39. 45. Endoscopic Retrograde Cholangiopancreatography <ul><li>ERCP visualize liver, GB, and pancreas </li></ul><ul><li>Direct viewing and use of contrast </li></ul><ul><li>Endoscope passed into duodenum and dye injected—outlines pancreatic and bile ducts </li></ul><ul><li>NPO night before, Iodine allergies </li></ul><ul><li>Lab studies i.e. Prothrombin time </li></ul><ul><li>Remove dentures </li></ul>
  40. 46. Endoscopic Retrograde Cholangiopancreatography
  41. 47. ERCP (cont) <ul><li>Afterward note RUQ pain, fever, chills—infection </li></ul><ul><li>Hypotension, tachycardia, increasing RUQ pain, n/v—perforation or onset of pancreatitis </li></ul>
  42. 48. Lower GI Endoscopy <ul><li>Proctosigmoidoscopy—examination of distal sigmoid colon, rectum and colon using rigid or flexible endoscope </li></ul><ul><ul><li>Detects ulcerations, punctures, lacerations, tumors, hemorrhoids, polyps, fissures, fistulas, abscesses </li></ul></ul><ul><ul><li>Annual exam for 40+ </li></ul></ul><ul><ul><li>Lower bowel must be clean </li></ul></ul>
  43. 49. Proctosigmoidoscopy <ul><li>Clear liquids X24hrs; laxative night before </li></ul><ul><li>Warm tap water enema or Fleet morning of </li></ul><ul><li>No bowel prep if bleeding, severe diarrhea </li></ul><ul><li>Position left lateral knee-to-chest (straightens sigmoid colon) </li></ul><ul><li>Rigid proctoscope for rectum </li></ul><ul><li>Flexible scope above rectosigmoid junction </li></ul>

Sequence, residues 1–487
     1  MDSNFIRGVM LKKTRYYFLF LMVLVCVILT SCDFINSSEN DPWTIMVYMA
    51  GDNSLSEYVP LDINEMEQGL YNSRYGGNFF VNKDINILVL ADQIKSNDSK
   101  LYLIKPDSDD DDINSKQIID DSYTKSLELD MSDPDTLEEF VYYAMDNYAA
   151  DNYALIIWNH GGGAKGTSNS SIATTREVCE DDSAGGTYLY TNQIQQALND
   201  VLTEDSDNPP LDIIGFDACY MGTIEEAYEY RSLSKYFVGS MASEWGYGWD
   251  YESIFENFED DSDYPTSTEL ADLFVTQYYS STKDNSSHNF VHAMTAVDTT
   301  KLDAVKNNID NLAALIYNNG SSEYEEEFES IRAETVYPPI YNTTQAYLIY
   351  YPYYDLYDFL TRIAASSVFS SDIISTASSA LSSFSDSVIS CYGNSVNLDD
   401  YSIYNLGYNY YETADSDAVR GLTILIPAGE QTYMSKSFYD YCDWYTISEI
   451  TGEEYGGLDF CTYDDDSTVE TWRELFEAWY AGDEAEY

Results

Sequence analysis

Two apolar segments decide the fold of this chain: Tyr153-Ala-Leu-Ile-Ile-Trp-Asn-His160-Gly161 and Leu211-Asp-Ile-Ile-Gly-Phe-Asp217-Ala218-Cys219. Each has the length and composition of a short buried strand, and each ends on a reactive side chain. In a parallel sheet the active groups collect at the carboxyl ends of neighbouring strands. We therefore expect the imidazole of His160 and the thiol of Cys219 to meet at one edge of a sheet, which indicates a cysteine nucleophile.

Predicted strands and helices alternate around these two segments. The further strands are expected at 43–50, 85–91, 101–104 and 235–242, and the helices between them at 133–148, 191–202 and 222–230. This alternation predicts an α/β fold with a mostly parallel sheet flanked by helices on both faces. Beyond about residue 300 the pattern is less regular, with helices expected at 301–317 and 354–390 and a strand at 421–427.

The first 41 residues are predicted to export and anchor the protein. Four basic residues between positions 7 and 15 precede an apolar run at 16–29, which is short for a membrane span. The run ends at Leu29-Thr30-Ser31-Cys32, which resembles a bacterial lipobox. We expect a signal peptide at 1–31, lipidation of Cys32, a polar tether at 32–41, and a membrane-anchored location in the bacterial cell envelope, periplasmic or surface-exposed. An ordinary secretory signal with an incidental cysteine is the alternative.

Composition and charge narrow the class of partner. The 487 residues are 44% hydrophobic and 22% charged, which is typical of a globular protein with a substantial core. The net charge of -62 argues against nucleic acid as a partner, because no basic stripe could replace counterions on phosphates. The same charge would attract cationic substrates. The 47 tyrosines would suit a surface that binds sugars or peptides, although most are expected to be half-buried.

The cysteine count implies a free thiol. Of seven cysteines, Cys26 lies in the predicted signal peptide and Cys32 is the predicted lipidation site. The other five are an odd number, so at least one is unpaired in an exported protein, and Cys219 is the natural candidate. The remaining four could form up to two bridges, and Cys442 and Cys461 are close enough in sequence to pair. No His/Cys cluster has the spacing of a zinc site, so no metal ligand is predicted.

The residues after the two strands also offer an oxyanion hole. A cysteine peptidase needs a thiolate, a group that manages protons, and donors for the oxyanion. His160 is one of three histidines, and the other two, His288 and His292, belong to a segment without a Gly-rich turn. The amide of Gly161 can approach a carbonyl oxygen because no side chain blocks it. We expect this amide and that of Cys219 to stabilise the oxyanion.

44. 50. Proctosigmoidoscopy <ul><li>Biopsy specimens, polyps removed </li></ul><ul><li>Cauterization to prevent/stop bleeding </li></ul><ul><li>After procedure rest in supine position to avoid orthostatic hypotension </li></ul><ul><li>Pain and flatus from instilled air </li></ul><ul><li>Observe for signs of perforation </li></ul>
  45. 51. Colonoscopy <ul><li>Visualization of lining of large intestine w/ flexible endoscope </li></ul><ul><li>Biopsy, polyps removed </li></ul><ul><li>Liquid diet 24hrs before; NPO after midnight </li></ul><ul><li>Bowel Prep i.e. GoLYTELY night before </li></ul><ul><li>Laxative, suppository (Dulcolax) or enema may be needed </li></ul>